Topic modeling in 9/11 news articles

by on March 4, 2015

This is a guest post by Dan Morris. The interactive dashboard and the code are also available.

This post describes a project to visualize topics in news articles related to the September 11th attacks and their lasting effects and consequences. I describe my motivation, the technical details of my implementation, and my reflections on some of the results.

Introduction

There has been no more transformative event in recent American history than the 9/11 attacks; their lingering effects will last well into the future. Hundreds of thousands of articles have been written about 9/11 in the years since, each covering a small fraction of the topics that have emerged. How might we use the tools of data science to discover these topics and trace their progress through time?

Inspiration

This subject was first addressed by a company called Local Projects, who were commissioned to create an exhibit for the National September 11 Museum in New York. Their exhibit, Timescape, projects a visualization of topics and articles onto a wall in the museum. Unfortunately, due to the considerations of bureaucracy and the modern human attention span, the exhibit is limited to broad topics and a brief, looping duration. I was inspired by the architects of Timescape, but I wanted to create something deeper and more interactive; something that anyone with an internet connection could explore at their leisure.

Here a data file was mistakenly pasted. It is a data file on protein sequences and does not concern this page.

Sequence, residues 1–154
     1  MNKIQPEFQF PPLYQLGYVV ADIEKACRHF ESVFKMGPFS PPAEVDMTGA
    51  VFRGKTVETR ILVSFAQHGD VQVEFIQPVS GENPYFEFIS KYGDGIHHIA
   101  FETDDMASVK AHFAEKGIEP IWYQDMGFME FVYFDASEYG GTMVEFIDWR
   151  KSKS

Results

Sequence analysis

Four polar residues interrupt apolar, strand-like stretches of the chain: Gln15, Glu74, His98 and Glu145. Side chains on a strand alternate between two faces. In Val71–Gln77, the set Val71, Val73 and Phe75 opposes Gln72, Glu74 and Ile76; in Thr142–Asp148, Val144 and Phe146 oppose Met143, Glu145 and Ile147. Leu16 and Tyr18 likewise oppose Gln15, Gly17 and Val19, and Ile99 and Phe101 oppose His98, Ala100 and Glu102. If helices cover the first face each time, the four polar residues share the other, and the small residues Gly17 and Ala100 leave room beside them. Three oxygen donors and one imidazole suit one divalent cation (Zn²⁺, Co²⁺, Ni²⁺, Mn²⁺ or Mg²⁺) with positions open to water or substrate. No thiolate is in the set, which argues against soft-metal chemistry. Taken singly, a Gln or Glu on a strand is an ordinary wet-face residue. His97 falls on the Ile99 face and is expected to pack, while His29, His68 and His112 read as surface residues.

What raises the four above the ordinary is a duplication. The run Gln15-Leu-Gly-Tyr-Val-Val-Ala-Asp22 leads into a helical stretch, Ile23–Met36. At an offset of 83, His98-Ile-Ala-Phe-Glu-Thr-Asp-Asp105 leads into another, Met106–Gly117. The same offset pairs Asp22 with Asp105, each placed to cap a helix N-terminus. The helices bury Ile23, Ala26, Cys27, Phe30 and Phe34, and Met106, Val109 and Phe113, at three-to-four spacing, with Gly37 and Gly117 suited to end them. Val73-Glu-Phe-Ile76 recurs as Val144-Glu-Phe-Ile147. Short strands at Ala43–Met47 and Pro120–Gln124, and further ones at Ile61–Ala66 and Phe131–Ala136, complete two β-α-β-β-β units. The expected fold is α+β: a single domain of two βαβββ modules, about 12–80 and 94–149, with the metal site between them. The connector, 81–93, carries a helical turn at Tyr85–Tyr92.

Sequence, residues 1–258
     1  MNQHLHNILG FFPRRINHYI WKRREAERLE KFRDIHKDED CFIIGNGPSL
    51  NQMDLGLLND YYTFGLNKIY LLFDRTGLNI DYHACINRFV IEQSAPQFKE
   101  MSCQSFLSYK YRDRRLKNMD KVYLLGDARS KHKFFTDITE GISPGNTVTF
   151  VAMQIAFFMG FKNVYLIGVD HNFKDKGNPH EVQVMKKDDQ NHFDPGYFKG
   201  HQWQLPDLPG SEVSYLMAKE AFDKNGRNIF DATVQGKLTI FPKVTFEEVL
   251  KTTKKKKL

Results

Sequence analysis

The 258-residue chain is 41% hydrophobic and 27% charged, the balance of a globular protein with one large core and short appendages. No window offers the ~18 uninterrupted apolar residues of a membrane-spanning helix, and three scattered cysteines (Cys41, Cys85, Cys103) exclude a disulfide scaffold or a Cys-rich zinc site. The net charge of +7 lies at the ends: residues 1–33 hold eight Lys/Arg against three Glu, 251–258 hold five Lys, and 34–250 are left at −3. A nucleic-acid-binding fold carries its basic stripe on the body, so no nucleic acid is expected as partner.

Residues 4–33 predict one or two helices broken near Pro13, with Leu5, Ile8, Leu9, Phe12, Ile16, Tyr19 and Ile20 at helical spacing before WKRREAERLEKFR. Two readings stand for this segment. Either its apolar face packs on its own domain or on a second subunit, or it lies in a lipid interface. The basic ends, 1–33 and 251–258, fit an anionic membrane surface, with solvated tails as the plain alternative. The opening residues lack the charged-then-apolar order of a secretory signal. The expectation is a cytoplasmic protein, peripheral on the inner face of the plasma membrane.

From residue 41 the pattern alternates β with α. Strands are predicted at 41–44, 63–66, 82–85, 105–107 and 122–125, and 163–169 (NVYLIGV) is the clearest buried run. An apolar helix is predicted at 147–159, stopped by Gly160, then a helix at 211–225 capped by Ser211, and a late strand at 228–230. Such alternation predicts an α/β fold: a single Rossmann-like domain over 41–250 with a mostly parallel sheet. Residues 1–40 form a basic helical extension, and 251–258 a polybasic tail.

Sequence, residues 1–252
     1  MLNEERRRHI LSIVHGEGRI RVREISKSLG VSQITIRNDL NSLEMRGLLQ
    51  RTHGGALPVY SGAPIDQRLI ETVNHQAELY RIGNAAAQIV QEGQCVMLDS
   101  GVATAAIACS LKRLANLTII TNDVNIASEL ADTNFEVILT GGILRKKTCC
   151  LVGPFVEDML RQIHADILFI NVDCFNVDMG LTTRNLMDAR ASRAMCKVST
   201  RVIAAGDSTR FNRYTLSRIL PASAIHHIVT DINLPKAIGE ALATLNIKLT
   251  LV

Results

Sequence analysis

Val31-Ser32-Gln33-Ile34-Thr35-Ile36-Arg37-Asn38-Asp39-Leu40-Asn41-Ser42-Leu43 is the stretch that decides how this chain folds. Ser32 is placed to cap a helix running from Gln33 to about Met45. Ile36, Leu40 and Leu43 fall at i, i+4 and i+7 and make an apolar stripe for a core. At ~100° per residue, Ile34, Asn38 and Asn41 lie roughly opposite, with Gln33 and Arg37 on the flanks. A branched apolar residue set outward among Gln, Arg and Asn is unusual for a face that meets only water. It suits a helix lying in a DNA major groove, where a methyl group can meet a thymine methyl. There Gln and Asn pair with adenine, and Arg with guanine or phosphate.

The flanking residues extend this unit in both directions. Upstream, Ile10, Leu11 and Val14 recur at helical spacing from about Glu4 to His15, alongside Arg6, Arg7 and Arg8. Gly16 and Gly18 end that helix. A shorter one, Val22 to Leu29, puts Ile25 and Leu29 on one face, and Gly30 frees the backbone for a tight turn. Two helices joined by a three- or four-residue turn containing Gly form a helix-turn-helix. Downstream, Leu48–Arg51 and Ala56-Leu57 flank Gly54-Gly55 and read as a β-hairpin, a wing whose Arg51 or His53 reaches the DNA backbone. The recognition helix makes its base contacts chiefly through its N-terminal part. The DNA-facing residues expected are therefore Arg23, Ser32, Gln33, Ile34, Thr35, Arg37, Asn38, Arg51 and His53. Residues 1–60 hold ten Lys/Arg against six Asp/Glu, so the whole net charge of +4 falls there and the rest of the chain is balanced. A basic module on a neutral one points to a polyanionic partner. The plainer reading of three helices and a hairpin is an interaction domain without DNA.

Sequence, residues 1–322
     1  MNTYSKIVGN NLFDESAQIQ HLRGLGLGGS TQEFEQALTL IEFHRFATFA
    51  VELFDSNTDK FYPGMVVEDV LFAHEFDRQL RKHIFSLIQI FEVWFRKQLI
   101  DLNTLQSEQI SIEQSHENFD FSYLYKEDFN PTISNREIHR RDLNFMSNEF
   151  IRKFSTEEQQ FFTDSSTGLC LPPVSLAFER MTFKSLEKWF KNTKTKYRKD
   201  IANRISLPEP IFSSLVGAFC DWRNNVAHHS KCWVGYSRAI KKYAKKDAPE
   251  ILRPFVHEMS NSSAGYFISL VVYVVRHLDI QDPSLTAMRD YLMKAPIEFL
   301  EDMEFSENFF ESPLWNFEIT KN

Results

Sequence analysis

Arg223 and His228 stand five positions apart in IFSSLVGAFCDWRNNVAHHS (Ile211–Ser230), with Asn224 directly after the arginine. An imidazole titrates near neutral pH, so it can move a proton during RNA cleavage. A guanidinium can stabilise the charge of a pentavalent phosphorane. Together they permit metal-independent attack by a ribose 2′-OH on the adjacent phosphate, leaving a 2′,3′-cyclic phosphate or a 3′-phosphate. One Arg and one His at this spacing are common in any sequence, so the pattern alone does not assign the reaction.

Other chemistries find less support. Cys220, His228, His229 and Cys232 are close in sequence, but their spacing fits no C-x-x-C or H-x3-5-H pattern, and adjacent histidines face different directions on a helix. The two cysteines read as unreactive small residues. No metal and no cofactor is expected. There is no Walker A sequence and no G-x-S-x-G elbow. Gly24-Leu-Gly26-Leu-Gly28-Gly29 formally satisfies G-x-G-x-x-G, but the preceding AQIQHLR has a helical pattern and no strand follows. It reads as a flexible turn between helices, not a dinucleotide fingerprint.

The essence of this problem is storytelling. Each article offers some perspective on a story, but the threads that connect them exist in the form of words and phrases. “Osama bin Laden”, “Guantanamo Bay”, “Freedom”, and so on. These are the building blocks for my model.

Acquiring the Data

Of all news sources, none is better suited to tell the stories of 9/11 than the New York Times. They also have a fantastic API, which allows one to query the full database of articles to find those relevant to a particular subject. I built my corpus using this API as well as an array of python web-scraping and NLP tools.

The scraping process was as follows:

  1. Query the API to get meta-data about news articles, including the URL for each article.
  2. Send an HTTP GET request to each URL, find the actual article text within the HTML, and extract it.
  3. Clean the article texts, removing stop words and punctuation.

I wrote python scripts to automate these processes, and was able to build a corpus of tens of thousands of articles. Perhaps the most challenging part of this process was building the function to extract article text from an HTML document. Over the last few decades, the NYT has occasionally changed the format of their HTML files, and so the function to extract that text depends on a bulky nested conditional:

# s is a BeautifulSoup object containing the HTML of the page
if s.find('p', {'itemprop': 'articleBody'}) is not None:
    paragraphs = s.findAll('p', {'itemprop': 'articleBody'})
    story = ' '.join([p.text for p in paragraphs])
elif s.find('nyt_text'):
    story = s.find('nyt_text').text
elif s.find('div', {'id': 'mod-a-body-first-para'}):
    story = s.find('div', {'id': 'mod-a-body-first-para'}).text
    story += s.find('div', {'id': 'mod-a-body-after-first-para'}).text
else:
    if s.find('p', {'class': 'story-body-text'}) is not None:
        paragraphs = s.findAll('p', {'class': 'story-body-text'})
        story = ' '.join([p.text for p in paragraphs])
    else:
        story = ''

Vectorizing the Documents

Before we can do any serious machine learning, we must vectorize our documents. This was surprisingly easy, thanks to scikit-learn’s TF-IDF Vectorizer. To consider only single words would be insufficient, because there were no shortage of important names and phrases in my corpus. So I chose to include n-grams from 1 to 3. Pleasantly, to implement multiple n-grams is as simple as a single keyword argument in the vectorizer’s initialization:

vec = TfidfVectorizer(max_features=max_features,
            ngram_range=(1, 3),
            max_df=max_df)